Author Matt Ruff checks in from Seattle and we talk about his brand-new novel, 88 Names. We get into what gaming and the internet reveal about human character(s), how he handles VR nausea and whether VR measures up to what Neuromancer semisorta promised us, the pros and cons of a virtual book tour (including an upcoming one on Altspace VR on 4/17/20), the fluidity of identity in the virtual landscape, the bookstores he can't wait to get back to, post-pandemic, the origins of empathy, and more. • More info at our site • Check out our 2017 podcast and the rest of The COVID-19 Sessions • Support The Virtual Memories Show via Patreon or Paypal

Direct download: Episode_369_-_Matt_Ruff.mp3
Category:general -- posted at: 6:59am EDT

Translator Tess Lewis joins the show to talk about co-curating the 2020 (now postponed to 2021) edition of Festival Neue Literatur, why editing a bad translation is much tougher than just translating it yourself, the book she's proudest of translating (Maja Haderlap's Angel of Oblivion), and the project that is the most difficult (Ludwig Hohl's Notizen), how the business and culture has changed, her dream project of translating Montaigne (swoon!), and how literature — especially in translation — can disrupt the familiar and familiarize what seems strange. This episode was intended to promote the Festival Neue Literatur, which was to be held April 23-26, 2020 but has been postponed along with everything else; I decided to keep it all to remind us of The Before Times. • More info at our site • Support The Virtual Memories Show via Patreon or Paypal

Direct download: Episode_368_-_Tess_Lewis.mp3
Category:general -- posted at: 8:41am EDT

Fantasy author Ilana Myer checks in from eastern PA. We talk about cancelled travel plans, the virtual tour for her new book, The Poet King, what she learned in the course of finishing her Harp and Ring trilogy, the difference between reading about the pandemic and living it, making the plunge into Wodehouse (and avoiding dystopian fiction), and more. Follow Ilana on Twitter and Instagram, and read her new book, The Poet King • Listen to our full-length podcast • More info at our site • Find all our COVID Check-In episodes • Support The Virtual Memories Show via Patreon or Paypal

Direct download: COVID_Check-In_with_Ilana_Myer.mp3
Category:general -- posted at: 8:09am EDT

Cartoonist Jennifer Hayden checks in from central NJ. We talk about the need to micro-vent during self-isolation with her family, the graphic memoir she finds herself immersed in (and which keeps growing in scale), her changing understanding of aspects of the Goddess, and how this situation is bringing her to terms with herself. Follow Jennifer on Twitter, Facebook and Instagram and read her great graphic memoir, The Story of My Tits • Listen to our full-length podcast • More info at our site • Find all our COVID Check-In episodes • Support The Virtual Memories Show via Patreon or Paypal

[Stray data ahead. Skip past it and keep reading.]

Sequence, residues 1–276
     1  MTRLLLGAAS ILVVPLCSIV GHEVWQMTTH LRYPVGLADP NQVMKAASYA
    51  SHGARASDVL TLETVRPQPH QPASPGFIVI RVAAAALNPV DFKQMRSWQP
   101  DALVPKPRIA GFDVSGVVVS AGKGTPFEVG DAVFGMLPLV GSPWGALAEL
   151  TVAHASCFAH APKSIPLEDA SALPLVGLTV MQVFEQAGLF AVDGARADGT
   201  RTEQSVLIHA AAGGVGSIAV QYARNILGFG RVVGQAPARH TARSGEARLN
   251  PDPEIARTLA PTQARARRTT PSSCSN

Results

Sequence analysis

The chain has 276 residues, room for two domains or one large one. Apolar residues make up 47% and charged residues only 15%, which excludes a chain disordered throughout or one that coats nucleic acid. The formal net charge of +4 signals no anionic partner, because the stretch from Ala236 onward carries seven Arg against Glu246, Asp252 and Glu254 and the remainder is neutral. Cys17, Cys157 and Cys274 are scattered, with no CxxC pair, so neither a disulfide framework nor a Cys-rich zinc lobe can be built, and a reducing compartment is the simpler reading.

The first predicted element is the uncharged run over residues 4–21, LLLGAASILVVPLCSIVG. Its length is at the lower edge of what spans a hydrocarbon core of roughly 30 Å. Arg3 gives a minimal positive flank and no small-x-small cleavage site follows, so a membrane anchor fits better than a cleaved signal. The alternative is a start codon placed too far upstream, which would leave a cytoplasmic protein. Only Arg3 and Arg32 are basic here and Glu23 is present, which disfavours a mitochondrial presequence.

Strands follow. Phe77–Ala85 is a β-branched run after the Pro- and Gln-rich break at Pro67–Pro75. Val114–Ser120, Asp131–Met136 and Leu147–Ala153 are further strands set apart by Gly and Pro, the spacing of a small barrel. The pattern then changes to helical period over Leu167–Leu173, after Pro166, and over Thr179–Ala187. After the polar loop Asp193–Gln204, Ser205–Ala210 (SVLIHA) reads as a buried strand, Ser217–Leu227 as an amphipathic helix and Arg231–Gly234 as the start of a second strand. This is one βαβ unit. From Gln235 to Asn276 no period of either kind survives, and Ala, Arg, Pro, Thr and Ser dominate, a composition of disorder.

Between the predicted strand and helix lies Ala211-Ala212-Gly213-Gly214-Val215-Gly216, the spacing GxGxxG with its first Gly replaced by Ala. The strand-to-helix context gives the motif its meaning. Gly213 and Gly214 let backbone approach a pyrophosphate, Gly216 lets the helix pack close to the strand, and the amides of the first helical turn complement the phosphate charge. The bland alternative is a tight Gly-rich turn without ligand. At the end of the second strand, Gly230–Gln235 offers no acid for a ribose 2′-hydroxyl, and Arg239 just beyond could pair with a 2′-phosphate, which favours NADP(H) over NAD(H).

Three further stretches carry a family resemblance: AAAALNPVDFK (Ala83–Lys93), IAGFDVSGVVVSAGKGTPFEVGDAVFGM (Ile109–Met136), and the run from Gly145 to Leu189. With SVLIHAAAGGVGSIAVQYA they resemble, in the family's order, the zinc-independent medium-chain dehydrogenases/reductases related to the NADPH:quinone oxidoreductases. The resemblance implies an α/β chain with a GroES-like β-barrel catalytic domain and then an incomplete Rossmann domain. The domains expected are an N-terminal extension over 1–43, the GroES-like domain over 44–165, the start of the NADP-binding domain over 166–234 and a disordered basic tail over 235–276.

Direct download: COVID_Check-In_with_Jennifer_Hayden.mp3
Category:general -- posted at: 7:27am EDT

Silent-film accompanist Ben Model checks in from the Upper West Side of NYC. We talk about how the pandemic and self-isolation led him and his partner Steve Massa to launch the Silent Comedy Watch Party, a livestream on YouTube that airs every Sunday at 3pm EDT. We also get into the ups and downs of Zoom teaching, the challenges of playing piano for a telepresent audience, how he can't wait for New Yorkers to get pushy again, and more. Watch the Silent Comedy Watch Party and follow Ben on Twitter and Instagram • Listen to our full-length podcast • More info at our site • Find all our COVID Check-In episodes • Support The Virtual Memories Show via Patreon or Paypal

Direct download: COVID_Check-In_with_Ben_Model.mp3
Category:general -- posted at: 7:57am EDT

Author Michael Tisserand checks in from New Orleans. We talk about how his wife (a pediatrician) got through her recent bout with COVID-19, how the city has had to change its traditions and practices even when jazz funerals beckon, the Krazy Kat strips that are giving him solace, the comparisons with Katrina, and more. Read KRAZY, Michael's biography of George Herriman, and follow Michael on Twitter, Instagram and Facebook • Listen to our full-length podcast from 2017 • More info at our site • Find all our COVID Check-In episodes • Support The Virtual Memories Show via Patreon or Paypal

Direct download: COVID_Check-In_with_Michael_Tisserand.mp3
Category:general -- posted at: 7:27am EDT